Since late February, the Snow Lover’s Crystal Ball has been buried deep in the closet. But this early spring cold snap and an energetic jet stream has forced me to fish it out, as the potential for an inch or so of snow is back on the table.


Next chance of accumulating snow: Sunday, March 27

Probability of accumulating snow (1” or more): Slightly above 50%

Timing Sunday: Approximately 2 a.m. to noon

Given an unusual and impressive amount of cold air in place at this time of year (due to a big, cold area of high pressure to the northwest), we have fairly high confidence at this point that we’ll see snow pre-dawn Sunday into Sunday morning and possibly early afternoon as a disturbance zips by to our south. The big forecast questions are: 1) How much snow will fall? and 2) Will the snow stick?

Based on current guidance, here is how we see the event unfolding:

Snow is likely to begin between 2 and 5 a.m. Sunday morning. Temperatures will probably be near or slightly above freezing when the snow starts, but fall below freezing once the snow gets going. This should allow some snow to accumulate, especially on grassy areas and in colder locations west of town. Some accumulation on the roads is even possible, as model guidance suggests temperatures will drop back into mid-to-upper 20s.

However, as the sun comes up Sunday, the window for accumulating snow will gradually close unless snow falls moderately to heavily. So we think that if we’re going to get accumulating snow, it’s probably going to have to fall prior to 9 to 11 a.m. when temperatures will slowly rise to near freezing and the late March sun facilitates melting. After 11 a.m., as the snow is winding down, it might even mix with or briefly change to rain/drizzle. Still, Sunday afternoon will be very chilly - with highs only in the mid-30s - more than 20 degrees below average!

Model output varies giving us between about 0.1 and 0.3” liquid equivalent precipitation which in the middle of winter would suggest around 1” to 4” of snow (depending on the circumstances). But it’s not the middle of winter so we must take that into account.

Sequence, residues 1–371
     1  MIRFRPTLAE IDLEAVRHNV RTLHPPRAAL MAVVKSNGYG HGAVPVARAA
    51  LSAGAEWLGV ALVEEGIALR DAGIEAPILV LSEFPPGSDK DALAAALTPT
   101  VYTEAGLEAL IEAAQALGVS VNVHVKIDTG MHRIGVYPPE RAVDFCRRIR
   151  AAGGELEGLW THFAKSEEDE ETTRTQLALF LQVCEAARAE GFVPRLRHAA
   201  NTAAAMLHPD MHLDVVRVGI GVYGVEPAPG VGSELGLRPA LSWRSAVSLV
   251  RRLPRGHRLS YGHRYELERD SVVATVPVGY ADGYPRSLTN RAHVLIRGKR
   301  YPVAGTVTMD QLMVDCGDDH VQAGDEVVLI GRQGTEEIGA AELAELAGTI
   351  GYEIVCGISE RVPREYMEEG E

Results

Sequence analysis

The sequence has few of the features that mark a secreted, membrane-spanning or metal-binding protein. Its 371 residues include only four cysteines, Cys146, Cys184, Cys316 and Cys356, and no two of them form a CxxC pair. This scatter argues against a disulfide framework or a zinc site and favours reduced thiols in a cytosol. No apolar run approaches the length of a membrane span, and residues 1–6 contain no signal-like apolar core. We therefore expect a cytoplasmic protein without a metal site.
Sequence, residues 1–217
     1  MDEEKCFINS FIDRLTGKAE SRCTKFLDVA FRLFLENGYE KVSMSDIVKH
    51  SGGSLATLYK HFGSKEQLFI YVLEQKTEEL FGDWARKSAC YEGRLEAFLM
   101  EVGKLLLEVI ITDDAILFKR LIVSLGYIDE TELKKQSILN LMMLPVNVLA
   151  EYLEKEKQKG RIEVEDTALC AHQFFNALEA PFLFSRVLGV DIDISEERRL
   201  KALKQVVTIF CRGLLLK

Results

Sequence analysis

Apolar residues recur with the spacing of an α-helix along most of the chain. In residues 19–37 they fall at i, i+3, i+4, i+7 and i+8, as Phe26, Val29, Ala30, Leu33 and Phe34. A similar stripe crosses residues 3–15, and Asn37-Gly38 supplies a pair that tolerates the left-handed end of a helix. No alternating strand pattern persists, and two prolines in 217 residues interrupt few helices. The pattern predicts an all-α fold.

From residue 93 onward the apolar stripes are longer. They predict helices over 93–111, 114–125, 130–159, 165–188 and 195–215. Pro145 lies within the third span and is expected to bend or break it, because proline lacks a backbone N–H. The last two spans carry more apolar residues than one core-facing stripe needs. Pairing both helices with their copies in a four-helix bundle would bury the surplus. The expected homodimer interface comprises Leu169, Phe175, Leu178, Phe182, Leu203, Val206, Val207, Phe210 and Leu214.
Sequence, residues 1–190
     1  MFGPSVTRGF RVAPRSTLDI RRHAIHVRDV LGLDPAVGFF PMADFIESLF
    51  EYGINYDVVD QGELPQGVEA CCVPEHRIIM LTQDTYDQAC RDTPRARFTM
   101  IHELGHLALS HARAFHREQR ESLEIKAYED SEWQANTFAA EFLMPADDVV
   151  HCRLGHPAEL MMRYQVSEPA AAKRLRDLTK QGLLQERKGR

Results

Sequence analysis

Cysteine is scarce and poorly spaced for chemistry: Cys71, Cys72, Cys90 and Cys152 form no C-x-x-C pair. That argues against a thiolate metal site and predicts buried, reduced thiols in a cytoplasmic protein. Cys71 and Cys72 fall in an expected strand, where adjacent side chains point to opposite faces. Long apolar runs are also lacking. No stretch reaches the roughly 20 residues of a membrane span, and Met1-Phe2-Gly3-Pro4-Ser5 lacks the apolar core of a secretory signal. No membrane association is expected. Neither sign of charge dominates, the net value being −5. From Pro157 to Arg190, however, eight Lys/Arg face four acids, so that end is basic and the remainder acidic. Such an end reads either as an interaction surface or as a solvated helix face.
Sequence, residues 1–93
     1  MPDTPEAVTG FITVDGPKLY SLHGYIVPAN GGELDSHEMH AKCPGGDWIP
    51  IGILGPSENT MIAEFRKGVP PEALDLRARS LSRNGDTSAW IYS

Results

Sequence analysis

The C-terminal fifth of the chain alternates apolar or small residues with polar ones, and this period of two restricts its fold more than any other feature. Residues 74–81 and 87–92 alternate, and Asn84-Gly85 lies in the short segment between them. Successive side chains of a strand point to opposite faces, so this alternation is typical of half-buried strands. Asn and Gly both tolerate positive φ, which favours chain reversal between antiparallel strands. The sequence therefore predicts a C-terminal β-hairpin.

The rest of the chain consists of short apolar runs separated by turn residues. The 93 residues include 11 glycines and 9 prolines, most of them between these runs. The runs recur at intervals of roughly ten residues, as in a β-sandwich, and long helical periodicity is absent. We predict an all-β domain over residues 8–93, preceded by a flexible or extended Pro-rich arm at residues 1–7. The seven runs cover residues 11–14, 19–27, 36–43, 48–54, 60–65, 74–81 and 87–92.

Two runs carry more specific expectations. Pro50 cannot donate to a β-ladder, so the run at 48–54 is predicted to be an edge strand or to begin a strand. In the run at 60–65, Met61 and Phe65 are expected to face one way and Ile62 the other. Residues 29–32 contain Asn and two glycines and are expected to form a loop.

Given we’re just north of the heaviest precipitation with this system and in light of the time of year/sun angle issue, we think generally around 1” of snow is most likely in the metro region with amounts increasing to the southwest and decreasing to the east and northeast. For snow lovers, we could see a best case scenario of 2-3” (with isolated 4” totals) if the wettest models (e.g. the GFS and SREF) are correct AND we get steady snow from 3 to 9 a.m. when temperatures are near or below freezing. On the other hand, if the drier models are correct (e.g. the NAM and last night’s Euro), a wet dusting to an inch is about all we would see. The drier models show a sharp northern cutoff which we need to watch closely. That cutoff would be the most likely candidate to lead to a forecast bust (on the low end).

Summary points:

* Our best bet right now: Around 1” of snow D.C. metro - mainly on grassy areas downtown, near Potomac, and urbanized parts of suburbs

* Probabilities: Less than 1”: 45%, 1-2”: 30%, 2-4”: 20%; 4”+: 5%

* Highest snowfall amounts southwest of D.C., especially in elevated areas (high elevations of west central Virginia may see 4-8” of snow)

* Sticking most likely on grass, but some accumulation on roads possible through 8-9 a.m. Sunday morning, especially west/southwest of District where it’s colder and probably snowing harder.

Tomorrow we will post a snowfall accumulation map (assuming we’re still predicting accumulating snow) and post thoughts from Wes Junker, our winter weather expert.